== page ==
A coword analysis of scientometrics
In this paper, we will study the field through the problematic network built by scientific articles, using actor-network theory (and consequently coword analysis) as a model for scientific knowledge (regarded as a social process) growth. Scientometrics is an hybrid field made of invisible college and a lot of users, thus controlled by both scientific research and final uses. Coword analysis gives the same weight to all articles, cited or not, and consequently computes the interaction network within all kind of authors. According to already described network properties of scientific interaction, coword analysis describes the dynamic of the field in accordance with what has been observed, and suggest forecast for the future.
Unable to display preview. Download preview PDF.
- 1.Glänzel, Schoepflin, Little Scientometrics, Big Scientometrics... and Beyond, 4th Informetrics, Bibliometrics and Scientometrics Meeting, Berlin, 11–15 Sept 93.Google Scholar
- 2.A. Schubert, H. Maczelka, Cognitive changes in scientometrics during the 1980s, as reflected by the reference patterns of its core journal,Social Studies of Science, 23 (1993) 571–581.Google Scholar
- 3.P. Wouters, L. Leydesdorff, Has Price's Dream Come True: is Scientometrics a Field of Science?, 4th Informetrics, Bibliometrics and Scientometrics Meeting, Berlin, 11–15 Sept 93.Google Scholar
- 4.M. Callon, J. P. Courtial, F. Laville, Coword analysis as a tool for describing the network of interactions between basic and technological research: the case of polymer chemistry,Scientometrics, 22 (1991) 155–205.Google Scholar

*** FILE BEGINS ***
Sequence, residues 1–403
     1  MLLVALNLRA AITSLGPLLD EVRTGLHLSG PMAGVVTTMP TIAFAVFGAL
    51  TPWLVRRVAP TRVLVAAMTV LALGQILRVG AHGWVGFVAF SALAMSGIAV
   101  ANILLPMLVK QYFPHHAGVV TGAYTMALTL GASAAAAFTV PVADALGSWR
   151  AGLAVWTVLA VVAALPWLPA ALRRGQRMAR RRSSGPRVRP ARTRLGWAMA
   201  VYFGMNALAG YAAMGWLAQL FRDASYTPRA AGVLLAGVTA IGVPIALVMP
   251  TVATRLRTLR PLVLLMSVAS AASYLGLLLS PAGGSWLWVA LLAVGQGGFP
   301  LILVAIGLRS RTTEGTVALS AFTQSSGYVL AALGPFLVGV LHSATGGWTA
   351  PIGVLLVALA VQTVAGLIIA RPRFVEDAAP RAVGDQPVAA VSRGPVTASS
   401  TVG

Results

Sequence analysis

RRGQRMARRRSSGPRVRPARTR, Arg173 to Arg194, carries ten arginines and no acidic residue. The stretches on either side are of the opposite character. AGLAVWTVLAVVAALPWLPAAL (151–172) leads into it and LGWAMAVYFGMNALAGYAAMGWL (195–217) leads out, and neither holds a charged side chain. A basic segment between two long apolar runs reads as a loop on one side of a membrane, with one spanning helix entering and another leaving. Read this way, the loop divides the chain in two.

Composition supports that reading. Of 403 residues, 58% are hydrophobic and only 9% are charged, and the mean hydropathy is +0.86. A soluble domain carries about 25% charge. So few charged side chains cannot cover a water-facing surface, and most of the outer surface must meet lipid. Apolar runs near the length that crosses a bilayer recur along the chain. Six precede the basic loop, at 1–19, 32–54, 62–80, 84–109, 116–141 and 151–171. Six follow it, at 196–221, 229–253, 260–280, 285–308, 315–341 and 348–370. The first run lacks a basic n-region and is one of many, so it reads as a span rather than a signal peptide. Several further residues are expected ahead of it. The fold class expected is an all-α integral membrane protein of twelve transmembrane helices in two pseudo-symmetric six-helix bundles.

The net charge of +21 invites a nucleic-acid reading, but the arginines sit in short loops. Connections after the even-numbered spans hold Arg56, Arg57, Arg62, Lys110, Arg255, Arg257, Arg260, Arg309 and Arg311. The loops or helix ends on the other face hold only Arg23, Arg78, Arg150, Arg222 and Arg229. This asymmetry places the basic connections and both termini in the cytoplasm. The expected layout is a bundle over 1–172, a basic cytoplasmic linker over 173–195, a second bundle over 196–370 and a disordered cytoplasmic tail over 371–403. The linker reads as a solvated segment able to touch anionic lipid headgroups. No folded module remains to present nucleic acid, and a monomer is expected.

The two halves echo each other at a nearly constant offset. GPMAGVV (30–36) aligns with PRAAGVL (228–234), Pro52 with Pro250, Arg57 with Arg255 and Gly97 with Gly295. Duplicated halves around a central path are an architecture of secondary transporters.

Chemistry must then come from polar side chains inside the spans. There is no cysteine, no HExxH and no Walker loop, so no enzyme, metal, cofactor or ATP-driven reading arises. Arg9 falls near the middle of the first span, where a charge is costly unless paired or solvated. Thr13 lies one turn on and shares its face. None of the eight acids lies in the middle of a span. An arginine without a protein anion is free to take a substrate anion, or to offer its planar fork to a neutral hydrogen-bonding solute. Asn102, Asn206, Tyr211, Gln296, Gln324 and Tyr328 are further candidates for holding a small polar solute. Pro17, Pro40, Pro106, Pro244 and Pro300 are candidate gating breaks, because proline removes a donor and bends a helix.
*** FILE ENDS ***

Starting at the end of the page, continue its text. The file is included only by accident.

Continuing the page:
- 5.F. Cano, S. Julian,Scientometrics, 24 (1992) 43–59.Google Scholar
- 6.Some of these networks can also be obtained through citations at the end of the article.Google Scholar
- 7.We can also use title words, sometimes more precise words, but what is important in coword analysis is word associations and more particularly word sub-networks. Results are consequently not very different with title words as shown byJ. Whittaker, Creativity and conformity in science: Titles, key-words and coword analysis.Social Studies of Science, 19 (1990) 473–493.Google Scholar
- 8.J. P. Courtial, Qualitative models, quantitative tools and network analysis,Scientometrics, 15 (1989) 527–534;J. P. Courtial, T. Cahlik, M. Callon, A model for social interaction between cognition and action through a key-word simulation of knowledge growth,Scientometrics, 31 (1994) 173–192.Google Scholar
- 9.M. Callon, J. Law, A. Rip,Mapping the Dynamics of Science and Technology, MacMillan, London, 1986.Google Scholar
- 10.R. Burt, Social contagion and innovation, cohesion versus structural equivalence,American Journal of Sociology, 92 (1987) 1287–1335.Google Scholar
- 11.In 1992–93, 13 scientific articles in PASCAL database use coword analysis, white only 6 coword analysis articles are in our file.Google Scholar
- 12.In the case of citation analysis which was located in a similar way in the first time period, it has been the development of scientific research evaluation that has absorbed the key-word — separating it from journal analysis — puting it in the upper right quadrant. But, in the second time period, there is no more crossroad theme move within the file that could attract coword analysis. Cocitation analysis doesnot appear at all in key-words.Google Scholar